The Mechanisms of Rugby

Trying to explain rugby to someone who has never seen a match and knows very little about the sport is as potentially frustrating as trying to explain a specific physical sensation in detail. The main frustration in describing the game to someone like this is the worry that the wrong detail will come out as the focus of the explanation, or at least be perceived as being more important than other aspects. To combat this, each part of the game explained in this guide is accompanied with a written description and a visual aid. This is done with the hope that the visual aids help the reader understand exactly what is involved as each description is read.

Here are some things to know before we jump right in:

  • There are actually two different codes (or types) of rugby commonly played: Union and League. The Union code of rugby will be the focus of this guide, and the information presented here is largely interchangeable between the two codes. To get a better understanding of the ways Union and League rugby differ, please head to the “League Rugby vs. Union Rugby” guide.
  • Many of the technical aspects covered here are explained in more detail in the “Basics of Rugby” tab, and the “The Scrum: An Overview” and “Understanding Kicking & Lineouts” guides. Those guides feature more information and details about the mechanics of the game. Here, most of the mechanics will be limited to a what-you-see-and-what-it-means format.

It would be very difficult to create a list of everything that can or does happen during the course of a game, and the following list is most definitely not that. With that in mind, here is a list of events that most commonly happen during a match.

Hot Tip: Rugby’s Core Principles

Core Principle 1: Throwing the ball forward, or touching it so you make it go forward, is illegal. (Unless you kick it.)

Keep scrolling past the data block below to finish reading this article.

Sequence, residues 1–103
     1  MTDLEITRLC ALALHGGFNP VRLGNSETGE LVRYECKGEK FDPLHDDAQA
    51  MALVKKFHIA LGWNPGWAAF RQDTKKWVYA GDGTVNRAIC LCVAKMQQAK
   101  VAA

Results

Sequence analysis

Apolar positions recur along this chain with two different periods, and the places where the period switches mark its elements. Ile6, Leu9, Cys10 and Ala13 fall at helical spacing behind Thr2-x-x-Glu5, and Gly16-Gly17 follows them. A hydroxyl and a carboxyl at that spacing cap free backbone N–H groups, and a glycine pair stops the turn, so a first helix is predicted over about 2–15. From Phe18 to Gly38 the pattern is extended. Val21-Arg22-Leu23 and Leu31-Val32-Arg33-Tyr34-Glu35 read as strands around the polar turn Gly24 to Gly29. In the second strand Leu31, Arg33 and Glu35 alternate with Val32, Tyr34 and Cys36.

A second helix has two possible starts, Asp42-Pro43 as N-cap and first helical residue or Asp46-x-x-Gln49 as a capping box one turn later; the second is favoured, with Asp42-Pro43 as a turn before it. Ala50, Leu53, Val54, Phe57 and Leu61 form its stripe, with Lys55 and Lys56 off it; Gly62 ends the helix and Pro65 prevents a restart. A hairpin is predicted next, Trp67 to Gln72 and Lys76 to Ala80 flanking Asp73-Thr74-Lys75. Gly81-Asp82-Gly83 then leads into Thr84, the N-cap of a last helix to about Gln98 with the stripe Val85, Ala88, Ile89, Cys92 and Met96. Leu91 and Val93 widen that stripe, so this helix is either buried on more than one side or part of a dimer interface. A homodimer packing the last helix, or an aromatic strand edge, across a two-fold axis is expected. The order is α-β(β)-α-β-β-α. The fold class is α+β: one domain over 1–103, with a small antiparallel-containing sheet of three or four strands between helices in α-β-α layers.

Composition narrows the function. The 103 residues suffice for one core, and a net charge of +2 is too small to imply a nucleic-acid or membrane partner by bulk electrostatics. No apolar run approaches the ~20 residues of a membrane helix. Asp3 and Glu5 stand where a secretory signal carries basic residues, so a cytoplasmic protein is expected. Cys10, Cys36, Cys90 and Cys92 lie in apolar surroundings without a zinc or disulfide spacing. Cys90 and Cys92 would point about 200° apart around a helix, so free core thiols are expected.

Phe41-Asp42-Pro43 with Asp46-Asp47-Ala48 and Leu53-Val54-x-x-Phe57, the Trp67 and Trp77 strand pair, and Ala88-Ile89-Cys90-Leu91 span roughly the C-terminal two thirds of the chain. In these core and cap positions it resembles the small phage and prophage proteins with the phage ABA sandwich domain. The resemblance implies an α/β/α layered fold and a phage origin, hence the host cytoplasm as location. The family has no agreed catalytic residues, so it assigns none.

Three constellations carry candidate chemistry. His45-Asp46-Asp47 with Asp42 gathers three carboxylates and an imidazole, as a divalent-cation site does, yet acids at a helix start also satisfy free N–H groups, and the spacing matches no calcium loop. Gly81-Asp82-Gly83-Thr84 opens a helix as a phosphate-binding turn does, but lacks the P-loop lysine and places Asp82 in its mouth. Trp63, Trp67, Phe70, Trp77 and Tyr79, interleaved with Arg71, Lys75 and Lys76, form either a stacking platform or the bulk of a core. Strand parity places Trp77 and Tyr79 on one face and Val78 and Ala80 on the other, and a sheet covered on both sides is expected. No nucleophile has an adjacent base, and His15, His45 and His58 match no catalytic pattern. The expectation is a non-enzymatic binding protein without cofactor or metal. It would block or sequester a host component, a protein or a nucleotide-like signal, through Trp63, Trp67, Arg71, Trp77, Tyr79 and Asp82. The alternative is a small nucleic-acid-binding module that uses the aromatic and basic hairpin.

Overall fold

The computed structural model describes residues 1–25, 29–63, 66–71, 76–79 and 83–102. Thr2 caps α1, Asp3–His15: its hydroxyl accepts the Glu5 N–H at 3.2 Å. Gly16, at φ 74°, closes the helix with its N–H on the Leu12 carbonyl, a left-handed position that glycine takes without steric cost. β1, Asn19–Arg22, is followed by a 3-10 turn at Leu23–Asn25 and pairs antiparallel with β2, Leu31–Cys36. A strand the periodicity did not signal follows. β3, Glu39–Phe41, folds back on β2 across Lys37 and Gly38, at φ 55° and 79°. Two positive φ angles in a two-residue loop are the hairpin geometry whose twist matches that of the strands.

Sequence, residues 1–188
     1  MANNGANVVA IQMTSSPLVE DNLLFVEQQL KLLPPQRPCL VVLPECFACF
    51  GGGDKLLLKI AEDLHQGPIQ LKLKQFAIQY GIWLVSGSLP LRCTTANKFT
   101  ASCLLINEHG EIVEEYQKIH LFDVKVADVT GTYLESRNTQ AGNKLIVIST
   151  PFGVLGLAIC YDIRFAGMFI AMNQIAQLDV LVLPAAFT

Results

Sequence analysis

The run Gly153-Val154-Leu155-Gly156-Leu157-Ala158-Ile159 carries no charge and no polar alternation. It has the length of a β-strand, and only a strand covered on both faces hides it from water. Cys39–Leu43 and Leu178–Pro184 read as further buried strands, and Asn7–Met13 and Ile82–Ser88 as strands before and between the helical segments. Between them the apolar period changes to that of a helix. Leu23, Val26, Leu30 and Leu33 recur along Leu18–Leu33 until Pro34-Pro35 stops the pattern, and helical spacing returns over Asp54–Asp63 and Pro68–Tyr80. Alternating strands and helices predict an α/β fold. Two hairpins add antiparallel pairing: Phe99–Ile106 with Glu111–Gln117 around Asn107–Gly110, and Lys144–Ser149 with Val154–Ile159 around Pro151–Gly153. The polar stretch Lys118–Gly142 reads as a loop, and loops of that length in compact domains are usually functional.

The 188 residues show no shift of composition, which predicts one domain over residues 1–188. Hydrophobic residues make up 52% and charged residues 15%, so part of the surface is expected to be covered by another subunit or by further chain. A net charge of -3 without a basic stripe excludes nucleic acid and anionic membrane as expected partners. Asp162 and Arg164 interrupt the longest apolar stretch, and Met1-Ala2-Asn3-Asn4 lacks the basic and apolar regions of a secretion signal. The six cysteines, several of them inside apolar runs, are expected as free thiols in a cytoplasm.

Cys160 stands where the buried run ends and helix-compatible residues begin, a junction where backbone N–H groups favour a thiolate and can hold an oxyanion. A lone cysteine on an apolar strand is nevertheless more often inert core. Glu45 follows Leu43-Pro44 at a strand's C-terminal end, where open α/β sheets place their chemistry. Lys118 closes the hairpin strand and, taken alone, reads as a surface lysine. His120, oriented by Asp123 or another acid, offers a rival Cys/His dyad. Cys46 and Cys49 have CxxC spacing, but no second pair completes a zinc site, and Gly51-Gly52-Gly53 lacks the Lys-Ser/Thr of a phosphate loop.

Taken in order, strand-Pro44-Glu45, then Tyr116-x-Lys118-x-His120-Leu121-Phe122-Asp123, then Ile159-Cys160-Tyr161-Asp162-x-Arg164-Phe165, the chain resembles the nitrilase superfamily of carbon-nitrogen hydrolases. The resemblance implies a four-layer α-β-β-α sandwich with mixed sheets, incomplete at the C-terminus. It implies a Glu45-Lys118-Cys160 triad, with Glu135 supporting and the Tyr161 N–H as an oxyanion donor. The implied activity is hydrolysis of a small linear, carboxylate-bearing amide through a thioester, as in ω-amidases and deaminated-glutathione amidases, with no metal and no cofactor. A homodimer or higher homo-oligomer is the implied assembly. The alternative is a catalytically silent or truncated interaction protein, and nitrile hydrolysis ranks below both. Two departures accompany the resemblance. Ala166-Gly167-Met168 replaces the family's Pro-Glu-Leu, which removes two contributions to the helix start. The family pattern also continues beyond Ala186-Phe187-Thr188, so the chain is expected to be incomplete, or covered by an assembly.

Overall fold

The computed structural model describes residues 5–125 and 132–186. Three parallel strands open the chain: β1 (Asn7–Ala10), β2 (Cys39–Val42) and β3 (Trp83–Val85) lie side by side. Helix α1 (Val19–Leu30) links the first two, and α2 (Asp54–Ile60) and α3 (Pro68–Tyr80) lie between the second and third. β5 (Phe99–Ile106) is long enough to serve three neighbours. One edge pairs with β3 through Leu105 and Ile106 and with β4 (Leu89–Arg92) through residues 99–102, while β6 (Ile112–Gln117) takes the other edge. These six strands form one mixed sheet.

Core Principle 2: There is NO blocking in rugby.

Core Principle 3: The ball acts as a constantly moving offsides line.

The Kickoff

A Kick Off is used to start a match, to resume a match after half time and to resume it after one team scores. The team that got scored on kicks off to the team that scored, unlike in other sports where scoring means the other team takes possession of the ball.

What You’ll See

Players from both teams get into particular formations at midfield, the referee blows a whistle, and the ball is kicked.

  • The kicking team lines up directly behind the ball. The kicking team will be mostly arranged in a line across the middle of the pitch, often with the majority of players grouping up to one side of the ball.
  • The other team will be at least 10 meters away from the ball, arranged in a more spread-out formation. The reason these players are scattered is to ensure that someone from their team has a chance to catch the ball wherever it is kicked.
  • The kicking team has to kick the ball at least 10 meters away and in bounds, otherwise it’s a penalty. After the ball goes 10 meters, it’s up for grabs and can be played by either team.

The Scrum

Scrums are used to restart play after a minor infraction/penalty has been committed. The scrum is a strength battle between the Packs – the group of forwards from each team. Both sides compete for possession of the ball by trying to push the other side backwards. The ball is rolled in, one side gains possession of the ball, and it’s rolled to the back of that team’s pack where it’s picked up and passed out.

What You’ll See

Scrums look like small hurricanes consisting of people. They’re also the play for which rugby is most known.

  • Two groups of the biggest players from each team – the forwards – intertwine themselves. The remaining players – the backs – are arranged in a line 45 degrees from, and behind, the forwards.
  • After a moment, both groups crash into each other and push, with each side trying to drive the other backwards.
  • Another player rolls the ball between both groups, and it emerges at the back of one group or the other. The ball is picked up and either passed or ran with by that player.

The Ruck

Another core principle in rugby (Union, not League) is that both teams have the right to contest possession the ball. Basically, this means that it’s perfectly legal to try and take the ball away from the other team. Rucking is one of the ways this right to contest possession happens. When the ball carrier gets tackled, a small battle for the ball ensues, usually being won by the team/players that got there first. So just because a player from one team goes down, it doesn’t mean that same player’s team automatically gets the ball back.